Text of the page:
Jeff Joseph ’19 Joins Harvard Cancer Research Project

Jeff Joseph ’19 at Harvard this summer

“A teen went from playing soccer in the streets of a third-world country to attending a research program at Harvard in a seven-year span,” Jeff Joseph wrote in his application last winter for one of Bowdoin’s summertime fellowships. It certainly helped that as a boy growing up in Haiti, Joseph nurtured a passion for mathematics along with a love of soccer.

Joseph moved from Haiti to Florida when he was 12 and kept up both interests, eventually landing at Bowdoin. In the spring, he received notice that he had won a funded internship grant — the Peter Buck Student Internship Fund — from Bowdoin Career Planning to do biostatistics and epidemiology research at the Harvard T.H. Chan School of Public Health this summer.

Read the full story in Bowdoin News.

The Mold Transforming Japanese Cuisine (Atlantic)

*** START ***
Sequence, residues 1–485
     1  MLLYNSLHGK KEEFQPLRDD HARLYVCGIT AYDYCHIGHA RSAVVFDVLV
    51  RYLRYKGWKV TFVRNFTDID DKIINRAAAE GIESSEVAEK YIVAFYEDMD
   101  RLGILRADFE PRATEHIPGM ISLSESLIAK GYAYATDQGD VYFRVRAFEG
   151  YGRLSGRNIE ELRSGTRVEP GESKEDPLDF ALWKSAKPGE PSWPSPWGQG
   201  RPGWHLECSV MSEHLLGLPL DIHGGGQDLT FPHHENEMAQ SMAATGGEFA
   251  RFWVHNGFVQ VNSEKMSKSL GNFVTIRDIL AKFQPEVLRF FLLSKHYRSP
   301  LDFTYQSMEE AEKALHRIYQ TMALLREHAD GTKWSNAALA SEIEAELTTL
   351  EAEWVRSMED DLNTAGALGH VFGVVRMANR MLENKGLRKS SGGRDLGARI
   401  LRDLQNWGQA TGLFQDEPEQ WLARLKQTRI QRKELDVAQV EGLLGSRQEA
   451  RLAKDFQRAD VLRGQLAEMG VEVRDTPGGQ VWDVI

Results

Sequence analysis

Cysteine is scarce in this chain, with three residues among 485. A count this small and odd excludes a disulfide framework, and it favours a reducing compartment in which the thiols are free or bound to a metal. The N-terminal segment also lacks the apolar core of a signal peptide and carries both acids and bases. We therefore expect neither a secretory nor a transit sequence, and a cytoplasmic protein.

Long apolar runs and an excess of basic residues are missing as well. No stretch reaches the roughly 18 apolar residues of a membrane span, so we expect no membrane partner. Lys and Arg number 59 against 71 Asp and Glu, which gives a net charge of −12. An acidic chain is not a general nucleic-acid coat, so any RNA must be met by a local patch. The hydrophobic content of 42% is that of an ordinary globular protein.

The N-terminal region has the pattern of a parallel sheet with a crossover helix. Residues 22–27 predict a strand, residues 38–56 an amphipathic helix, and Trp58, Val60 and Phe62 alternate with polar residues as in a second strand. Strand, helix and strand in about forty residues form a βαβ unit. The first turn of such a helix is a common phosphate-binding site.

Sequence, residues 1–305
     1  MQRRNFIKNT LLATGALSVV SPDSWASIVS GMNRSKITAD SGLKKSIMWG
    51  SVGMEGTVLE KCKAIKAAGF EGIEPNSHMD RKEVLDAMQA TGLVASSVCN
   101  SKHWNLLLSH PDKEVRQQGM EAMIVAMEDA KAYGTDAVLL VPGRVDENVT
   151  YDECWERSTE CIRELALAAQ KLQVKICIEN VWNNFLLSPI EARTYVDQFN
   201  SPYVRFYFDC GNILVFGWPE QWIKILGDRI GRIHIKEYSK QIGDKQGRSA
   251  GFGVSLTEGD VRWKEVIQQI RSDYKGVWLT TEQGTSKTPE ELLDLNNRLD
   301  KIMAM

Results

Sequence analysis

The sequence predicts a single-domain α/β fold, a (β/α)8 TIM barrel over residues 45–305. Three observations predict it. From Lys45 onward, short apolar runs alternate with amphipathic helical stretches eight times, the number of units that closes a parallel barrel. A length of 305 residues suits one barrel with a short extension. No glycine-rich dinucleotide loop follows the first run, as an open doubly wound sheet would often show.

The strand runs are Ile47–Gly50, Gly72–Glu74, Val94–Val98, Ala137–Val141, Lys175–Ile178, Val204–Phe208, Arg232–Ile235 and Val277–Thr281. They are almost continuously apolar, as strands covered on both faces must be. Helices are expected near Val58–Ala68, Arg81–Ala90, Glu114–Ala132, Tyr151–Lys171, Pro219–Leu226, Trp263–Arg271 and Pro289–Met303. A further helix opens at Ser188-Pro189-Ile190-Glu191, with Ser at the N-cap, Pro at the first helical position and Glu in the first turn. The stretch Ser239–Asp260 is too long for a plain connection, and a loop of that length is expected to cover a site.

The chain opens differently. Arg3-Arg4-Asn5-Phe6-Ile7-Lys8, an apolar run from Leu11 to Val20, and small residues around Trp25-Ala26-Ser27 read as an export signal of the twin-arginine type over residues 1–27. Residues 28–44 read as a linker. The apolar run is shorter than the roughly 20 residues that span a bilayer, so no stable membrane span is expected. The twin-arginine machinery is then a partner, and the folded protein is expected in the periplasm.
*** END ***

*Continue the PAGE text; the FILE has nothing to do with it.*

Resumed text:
Koji is a fungus found in soy sauce, miso, and sake. The mold, known for its toxicity, was domesticated by humans about 9,000 years ago. Though its closest relatives can be deadly, koji is nontoxic.

Originally used for alcohol, the fungus has been implemented by Asian chefs for centuries. Read more in The Atlantic.

The Pet Economy: How Much Do We Spend On Our Pets? (Atlantic)

Since 1994, pet spending has increased every year and is estimated to have reached nearly $63 billion in 2016. Millennials spend more on pets than any other age group, despite having less money.

Pet and human healthcare have mirrored each other in their rising costs. Yet, according to studies on German and Australian healthcare, pet owners are less likely to visit the doctor.  Read more in The Atlantic.

PubMed: A Tool to Spot Hidden Conflicts of Interests in Scientific Studies (Vox)

PubMed, “the Google of scientific research,” is now publishing funding information to reveal conflicts of interest in studies. In 2016, 62 scientists and physicians lobbied for the update as part of a broader transparency movement in science.

Industries surrounding nutrition, pharmaceuticals, medical devices, weight loss aids, and sugary drinks are more likely to produce results favorable to funders. Read more on Vox.